The lobby of the Sheraton at Baltimore-Washington International Airport bustled with engineers, accountants and other professionals who had lost houses, cars, savings -- everything but the clothes and the now unexchangeable Kuwaiti dinars they had carried out of Kuwait. They knew they could find jobs and prosper in this country, if only their immigration status would permit it.
"This is not what we are looking for, financial support," said a man identifying himself as Taha and holding out his hand in a mock gesture of begging. "We need to make our living through our own work."
Taha is 41 years old, a neatly bearded man in a gray plaid suit who was previously a technical director of an industrial engineering firm in Kuwait. He finds it difficult to make plans until he knows how long he can stay and work. "For the time being, I have no definite plan. We are looking for job openings," he said, though he is uncertain an employer would take a chance on someone with temporary status in this country.
Taha and his family arrived Saturday. They were among 614 people to arrive since Sept. 10 on one of three flights to Baltimore bearing hostages of the Aug. 2 Iraqi invasion of Kuwait. About half of them were foreigners who qualified for the flight to this country through their American-born children. Most are living on federal loans for temporary shelter and travel.
All asked that their names be withheld from print for fear of reprisals against relatives left behind in Kuwait.
Don Crocetti, deputy director of the Maryland office of the U.S. Immigration and Naturalization Service, said his agency had already granted several exceptions to the adult refugees from other countries by providing many of them with six months to live and work in this country while the federal government works out a new law or policy to accommodate their special circumstances.
One precedent for a special exception, Crocetti said, was President Bush's executive order last year allowing Chinese nationals in this country to live and work here until Jan. 1, 1994.
While the adults conferred in the hotel lobby yesterday about where they would look for a new life in this country, their children played ball games and hide-and-seek and explored the woods outside, all within sight of the airport where they had just arrived.
A man calling himself Nader said he and many of the others in his situation had deliberately arranged for at least one of their children to be born in this country while they studied or traveled on business or as tourists. It was a hedge against the uncertainty of the Middle East.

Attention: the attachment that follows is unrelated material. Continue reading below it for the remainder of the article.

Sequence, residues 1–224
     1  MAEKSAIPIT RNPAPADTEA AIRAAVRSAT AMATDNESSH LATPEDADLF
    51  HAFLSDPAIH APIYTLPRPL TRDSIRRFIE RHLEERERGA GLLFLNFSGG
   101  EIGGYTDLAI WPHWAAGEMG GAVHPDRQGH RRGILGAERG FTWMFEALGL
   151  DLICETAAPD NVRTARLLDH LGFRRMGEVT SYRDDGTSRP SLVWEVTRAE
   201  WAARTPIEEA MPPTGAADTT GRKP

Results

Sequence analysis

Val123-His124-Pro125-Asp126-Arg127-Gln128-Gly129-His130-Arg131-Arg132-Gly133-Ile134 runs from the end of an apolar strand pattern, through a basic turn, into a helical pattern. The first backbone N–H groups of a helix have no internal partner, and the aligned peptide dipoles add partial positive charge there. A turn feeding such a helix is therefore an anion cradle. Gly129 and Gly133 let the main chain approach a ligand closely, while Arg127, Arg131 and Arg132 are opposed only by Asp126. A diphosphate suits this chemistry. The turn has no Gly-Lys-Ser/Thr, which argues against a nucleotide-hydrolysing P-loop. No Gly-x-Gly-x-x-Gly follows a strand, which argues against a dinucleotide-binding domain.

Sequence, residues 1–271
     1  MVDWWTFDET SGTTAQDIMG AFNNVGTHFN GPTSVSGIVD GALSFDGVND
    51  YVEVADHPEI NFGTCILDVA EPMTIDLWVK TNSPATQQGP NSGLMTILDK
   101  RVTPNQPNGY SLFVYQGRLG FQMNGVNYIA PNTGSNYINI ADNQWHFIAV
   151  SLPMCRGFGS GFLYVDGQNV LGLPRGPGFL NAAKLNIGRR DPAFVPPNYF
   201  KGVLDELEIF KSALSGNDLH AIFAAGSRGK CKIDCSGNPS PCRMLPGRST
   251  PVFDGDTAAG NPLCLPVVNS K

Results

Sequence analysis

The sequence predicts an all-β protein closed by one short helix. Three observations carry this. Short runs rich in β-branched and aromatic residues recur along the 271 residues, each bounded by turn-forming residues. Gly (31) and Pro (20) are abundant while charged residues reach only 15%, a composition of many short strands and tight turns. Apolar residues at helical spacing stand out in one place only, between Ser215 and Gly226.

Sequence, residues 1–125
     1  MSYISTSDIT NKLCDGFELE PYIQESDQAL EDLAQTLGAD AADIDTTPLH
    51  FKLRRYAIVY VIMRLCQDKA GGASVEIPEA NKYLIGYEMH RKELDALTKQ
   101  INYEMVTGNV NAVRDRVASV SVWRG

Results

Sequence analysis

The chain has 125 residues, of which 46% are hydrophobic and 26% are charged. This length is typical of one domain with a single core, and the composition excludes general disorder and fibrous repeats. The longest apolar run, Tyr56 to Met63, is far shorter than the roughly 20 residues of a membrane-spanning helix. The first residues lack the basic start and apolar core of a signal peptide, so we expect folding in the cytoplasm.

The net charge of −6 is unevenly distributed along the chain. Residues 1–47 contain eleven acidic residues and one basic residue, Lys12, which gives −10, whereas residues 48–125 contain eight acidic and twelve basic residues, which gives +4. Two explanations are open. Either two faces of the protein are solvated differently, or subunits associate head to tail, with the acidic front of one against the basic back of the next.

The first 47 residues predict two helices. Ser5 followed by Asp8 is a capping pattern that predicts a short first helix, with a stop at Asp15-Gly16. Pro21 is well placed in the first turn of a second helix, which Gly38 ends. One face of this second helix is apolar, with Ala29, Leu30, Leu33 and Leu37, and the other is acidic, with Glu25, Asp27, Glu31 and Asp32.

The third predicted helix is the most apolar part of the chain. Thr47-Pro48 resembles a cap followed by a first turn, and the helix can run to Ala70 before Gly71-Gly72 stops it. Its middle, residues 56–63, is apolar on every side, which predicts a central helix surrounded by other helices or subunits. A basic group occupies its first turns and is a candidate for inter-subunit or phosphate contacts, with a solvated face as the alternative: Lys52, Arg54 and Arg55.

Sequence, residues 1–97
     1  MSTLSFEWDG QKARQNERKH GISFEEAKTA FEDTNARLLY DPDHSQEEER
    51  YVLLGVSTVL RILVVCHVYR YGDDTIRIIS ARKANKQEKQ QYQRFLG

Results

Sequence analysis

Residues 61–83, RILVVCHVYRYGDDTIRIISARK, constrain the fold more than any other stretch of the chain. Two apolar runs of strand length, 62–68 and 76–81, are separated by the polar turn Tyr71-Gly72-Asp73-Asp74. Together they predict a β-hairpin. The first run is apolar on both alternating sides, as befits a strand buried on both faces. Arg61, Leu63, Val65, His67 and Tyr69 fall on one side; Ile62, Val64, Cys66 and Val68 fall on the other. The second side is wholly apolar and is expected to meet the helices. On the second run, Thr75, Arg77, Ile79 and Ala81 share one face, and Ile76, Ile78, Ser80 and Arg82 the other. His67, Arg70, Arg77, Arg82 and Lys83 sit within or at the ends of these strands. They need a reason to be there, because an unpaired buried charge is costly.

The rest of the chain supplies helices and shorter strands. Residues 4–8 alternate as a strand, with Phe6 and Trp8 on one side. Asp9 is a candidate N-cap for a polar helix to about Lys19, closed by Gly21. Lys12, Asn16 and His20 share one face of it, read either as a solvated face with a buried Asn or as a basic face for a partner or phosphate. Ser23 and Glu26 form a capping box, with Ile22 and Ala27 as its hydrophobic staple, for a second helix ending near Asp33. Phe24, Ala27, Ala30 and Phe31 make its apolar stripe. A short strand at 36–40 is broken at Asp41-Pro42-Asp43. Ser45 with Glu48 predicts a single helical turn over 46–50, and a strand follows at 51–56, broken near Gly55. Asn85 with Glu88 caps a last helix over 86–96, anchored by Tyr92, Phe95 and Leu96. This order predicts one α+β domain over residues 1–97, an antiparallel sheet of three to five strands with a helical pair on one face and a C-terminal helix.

"We were planning for the future, so that if our son was born here, perhaps after 18 years he could get us the green card," Nader said, referring to permanent resident status.
Nader is a civil engineer, his wife an executive secretary. The elder of their two sons was born 11 years ago in Washington, while Nader was doing graduate work at George Washington University.
He holds a Jordanian passport, but as a Palestinian, he and others say they have no connection there and see no opportunity for themselves.
Nader's family, like many others, walked out of their house and locked the door, assuming they would never see it again. Nader said he packed a few changes of clothes and some suits, his university diploma, his children's childhood albums and their school yearbook. The rest is lost.
"I had a brand new BMW car. I just bought it," Nader's wife said.
She said the family also brought about $100 in American cash and 80 Kuwaiti dinars, worth about $240 at the pre-invasion exchange rate. She packed her woolen clothes to prepare for the American winter and her sturdier clothes, she said, not the elegant dresses that are favored in Kuwaiti society. For each of the two boys, she was able to squeeze in five jumpers and three pairs of jeans.
Nader said he would fly to Los Angeles with his boys on Thursday to leave them with his sister, so they can start school while he looks for a job. Friends in the Baltimore-Washington corridor told him to look in the West or the South. But he prefers the international atmosphere of Washington and hopes to find a job in real estate development.
Another man, a nuclear medicine technologist, planned to fly with his wife and three children to Los Angeles today on the hunch that it might offer the best opportunities in his field. "This is what I hear," he said, adding that "the climate there is nice."
He knows no one there. The only money he has consists of federal cash loans that might keep the family in a hotel a few days, and Kuwaiti dinars, which haven't been exchangeable for other currencies since the Iraqi invasion.
As for what will happen if his money runs out before he gets steady work, the man said, "I don't know, I really don't know."
Another Palestinian man, a 34-year-old accountant who graduated from the University of Rhode Island, said he had called a distant relative in Dayton, Ohio, who promised to put up his family and his cousin's family in a two-room apartment.
"We have to share the room for a couple of days and see what happens," he said. "We feel it's a shame on us to depend on someone else."